Reduced / Sequestered
Every refrigerator and air conditioner contains chemical refrigerants that absorb and release heat to enable chilling. Refrigerants, specifically CFCs and HCFCs, were once culprits in depleting the ozone layer. Thanks to the 1987 Montreal Protocol, they have been phased out. HFCs, the primary replacement, spare the ozone layer, but have 1,000 to 9,000 times greater capacity to warm the atmosphere than carbon dioxide.
In October 2016, officials from more than 170 countries met in Kigali, Rwanda, to negotiate a deal to address this problem. Through an amendment to the Montreal Protocol, the world will phase out HFCs—starting with high-income countries in 2019, then some low-income countries in 2024 and others in 2028. Substitutes are already on the market, including natural refrigerants such as propane and ammonium.
Scientists estimate the Kigali accord will reduce global warming by nearly one degree Fahrenheit. Still, the bank of HFCs will grow substantially before all countries halt their use. Because 90 percent of refrigerant emissions happen at end of life, effective disposal of those currently in circulation is essential. After being carefully removed and stored, refrigerants can be purified for reuse or transformed into other chemicals that do not cause warming.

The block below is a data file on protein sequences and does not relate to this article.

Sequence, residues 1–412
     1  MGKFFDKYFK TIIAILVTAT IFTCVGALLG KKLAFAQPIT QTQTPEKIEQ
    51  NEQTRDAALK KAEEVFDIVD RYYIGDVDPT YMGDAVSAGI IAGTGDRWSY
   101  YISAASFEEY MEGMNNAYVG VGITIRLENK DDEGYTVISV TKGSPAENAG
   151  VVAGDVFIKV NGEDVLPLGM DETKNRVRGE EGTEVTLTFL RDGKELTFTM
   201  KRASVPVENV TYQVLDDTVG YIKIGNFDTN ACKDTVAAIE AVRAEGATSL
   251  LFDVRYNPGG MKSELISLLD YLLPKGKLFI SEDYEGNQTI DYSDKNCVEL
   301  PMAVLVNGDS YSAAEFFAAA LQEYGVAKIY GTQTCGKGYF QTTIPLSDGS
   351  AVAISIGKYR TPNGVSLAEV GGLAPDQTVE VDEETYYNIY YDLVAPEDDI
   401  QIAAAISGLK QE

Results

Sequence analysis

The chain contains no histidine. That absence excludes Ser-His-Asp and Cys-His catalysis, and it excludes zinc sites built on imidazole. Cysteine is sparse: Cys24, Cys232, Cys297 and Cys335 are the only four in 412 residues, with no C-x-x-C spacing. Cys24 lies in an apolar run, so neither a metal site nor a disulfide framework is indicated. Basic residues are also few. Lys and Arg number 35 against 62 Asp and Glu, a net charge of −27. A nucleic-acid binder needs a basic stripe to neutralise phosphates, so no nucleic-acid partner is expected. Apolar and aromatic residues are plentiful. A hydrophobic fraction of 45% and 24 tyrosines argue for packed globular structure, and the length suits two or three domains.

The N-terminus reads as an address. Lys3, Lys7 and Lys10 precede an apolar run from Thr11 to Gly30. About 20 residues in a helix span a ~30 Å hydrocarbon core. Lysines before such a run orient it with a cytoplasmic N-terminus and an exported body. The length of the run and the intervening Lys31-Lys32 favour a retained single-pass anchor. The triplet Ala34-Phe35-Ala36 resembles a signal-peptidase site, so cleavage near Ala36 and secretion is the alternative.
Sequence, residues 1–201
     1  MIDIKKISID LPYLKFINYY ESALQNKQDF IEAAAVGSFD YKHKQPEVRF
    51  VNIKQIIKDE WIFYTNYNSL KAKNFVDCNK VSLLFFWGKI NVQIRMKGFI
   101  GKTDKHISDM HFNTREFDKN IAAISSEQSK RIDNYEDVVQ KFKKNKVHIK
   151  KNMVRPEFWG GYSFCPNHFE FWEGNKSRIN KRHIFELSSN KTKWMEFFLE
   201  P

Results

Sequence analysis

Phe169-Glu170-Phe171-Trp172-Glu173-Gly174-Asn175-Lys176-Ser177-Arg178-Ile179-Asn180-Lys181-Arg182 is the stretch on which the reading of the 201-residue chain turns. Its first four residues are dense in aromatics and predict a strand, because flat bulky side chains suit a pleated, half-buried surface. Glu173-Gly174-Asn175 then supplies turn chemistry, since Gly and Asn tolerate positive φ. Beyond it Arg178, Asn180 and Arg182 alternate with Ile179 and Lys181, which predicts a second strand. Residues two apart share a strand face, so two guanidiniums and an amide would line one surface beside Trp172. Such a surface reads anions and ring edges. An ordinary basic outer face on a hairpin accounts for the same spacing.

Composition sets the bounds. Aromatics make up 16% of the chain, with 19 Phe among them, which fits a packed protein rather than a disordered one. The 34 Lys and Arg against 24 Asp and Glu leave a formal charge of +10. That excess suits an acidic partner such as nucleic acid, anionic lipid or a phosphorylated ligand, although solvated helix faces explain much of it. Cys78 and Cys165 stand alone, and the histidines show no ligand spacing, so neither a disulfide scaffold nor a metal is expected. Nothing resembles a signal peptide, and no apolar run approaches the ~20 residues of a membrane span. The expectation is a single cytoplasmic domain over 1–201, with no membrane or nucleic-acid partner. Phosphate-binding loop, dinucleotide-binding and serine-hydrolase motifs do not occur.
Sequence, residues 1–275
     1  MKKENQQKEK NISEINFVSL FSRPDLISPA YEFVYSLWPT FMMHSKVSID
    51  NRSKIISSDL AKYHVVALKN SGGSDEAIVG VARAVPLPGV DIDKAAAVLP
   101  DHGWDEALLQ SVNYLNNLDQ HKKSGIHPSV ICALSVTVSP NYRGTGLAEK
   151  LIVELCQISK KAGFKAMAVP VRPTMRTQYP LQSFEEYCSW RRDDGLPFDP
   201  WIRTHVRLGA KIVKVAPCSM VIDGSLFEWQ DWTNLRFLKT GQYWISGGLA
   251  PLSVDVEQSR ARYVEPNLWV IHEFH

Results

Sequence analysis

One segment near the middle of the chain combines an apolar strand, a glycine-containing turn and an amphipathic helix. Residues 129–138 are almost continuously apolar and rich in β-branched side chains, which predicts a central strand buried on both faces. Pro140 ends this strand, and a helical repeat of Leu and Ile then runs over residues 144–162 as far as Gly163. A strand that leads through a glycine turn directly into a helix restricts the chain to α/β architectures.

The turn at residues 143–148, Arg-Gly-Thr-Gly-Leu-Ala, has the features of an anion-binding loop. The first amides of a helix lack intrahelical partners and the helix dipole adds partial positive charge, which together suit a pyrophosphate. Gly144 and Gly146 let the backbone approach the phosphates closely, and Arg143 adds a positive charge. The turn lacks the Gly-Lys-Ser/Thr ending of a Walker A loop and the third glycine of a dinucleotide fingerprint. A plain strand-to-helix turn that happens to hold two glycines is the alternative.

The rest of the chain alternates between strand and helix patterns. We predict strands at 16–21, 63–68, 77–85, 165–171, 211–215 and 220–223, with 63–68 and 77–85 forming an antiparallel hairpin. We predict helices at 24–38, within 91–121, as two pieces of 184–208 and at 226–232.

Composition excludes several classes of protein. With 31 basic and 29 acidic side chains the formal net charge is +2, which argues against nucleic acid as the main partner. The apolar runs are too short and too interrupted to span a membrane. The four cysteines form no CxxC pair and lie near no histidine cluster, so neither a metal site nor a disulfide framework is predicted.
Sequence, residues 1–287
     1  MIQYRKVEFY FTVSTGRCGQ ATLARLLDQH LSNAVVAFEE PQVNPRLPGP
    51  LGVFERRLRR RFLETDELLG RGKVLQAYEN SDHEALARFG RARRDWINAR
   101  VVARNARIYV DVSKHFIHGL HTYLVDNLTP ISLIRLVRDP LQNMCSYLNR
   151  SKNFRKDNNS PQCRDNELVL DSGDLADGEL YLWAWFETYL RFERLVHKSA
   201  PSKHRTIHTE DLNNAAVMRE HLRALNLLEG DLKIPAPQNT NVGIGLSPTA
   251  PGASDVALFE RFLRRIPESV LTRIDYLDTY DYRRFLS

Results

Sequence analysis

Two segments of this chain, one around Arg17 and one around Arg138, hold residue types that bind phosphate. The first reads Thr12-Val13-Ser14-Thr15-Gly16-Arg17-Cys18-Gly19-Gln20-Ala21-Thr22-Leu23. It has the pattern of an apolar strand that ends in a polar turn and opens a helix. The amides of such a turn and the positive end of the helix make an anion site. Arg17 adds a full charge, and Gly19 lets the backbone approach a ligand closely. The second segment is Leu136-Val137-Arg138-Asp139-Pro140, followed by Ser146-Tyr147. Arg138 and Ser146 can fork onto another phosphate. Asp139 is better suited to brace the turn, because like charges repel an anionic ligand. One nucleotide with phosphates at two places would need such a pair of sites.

Substantial emissions reductions could be achieved through the adoption of practices to (1) avoid leaks from refrigerants and (2) destroy refrigerants at end of life, both after the adoption of alternatives to HFC refrigerants. Over 30 years, an increase of over 79 percent of refrigerants that may be released can be contained, avoiding emissions equivalent to 57.8 gigatons of carbon dioxide. Although some revenue can be generated from resale of recovered refrigerant gases, the costs to establish and operate recovery, destruction, and leak avoidance, outweigh the financial benefit—meaning that refrigerant management, as modeled, could incur a net cost of US$629.4 billion by 2050.